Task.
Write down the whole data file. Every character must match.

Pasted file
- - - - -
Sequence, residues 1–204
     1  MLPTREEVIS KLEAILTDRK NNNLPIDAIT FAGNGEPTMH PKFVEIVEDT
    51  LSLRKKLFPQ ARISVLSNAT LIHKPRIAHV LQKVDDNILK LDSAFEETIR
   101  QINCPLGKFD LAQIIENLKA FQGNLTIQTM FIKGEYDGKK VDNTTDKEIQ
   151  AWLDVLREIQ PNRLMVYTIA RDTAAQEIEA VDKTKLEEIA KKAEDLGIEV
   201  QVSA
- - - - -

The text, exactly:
Sequence, residues 1–204
     1  MLPTREEVIS KLEAILTDRK NNNLPIDAIT FAGNGEPTMH PKFVEIVEDT
    51  LSLRKKLFPQ ARISVLSNAT LIHKPRIAHV LQKVDDNILK LDSAFEETIR
   101  QINCPLGKFD LAQIIENLKA FQGNLTIQTM FIKGEYDGKK VDNTTDKEIQ
   151  AWLDVLREIQ PNRLMVYTIA RDTAAQEIEA VDKTKLEEIA KKAEDLGIEV
   201  QVSA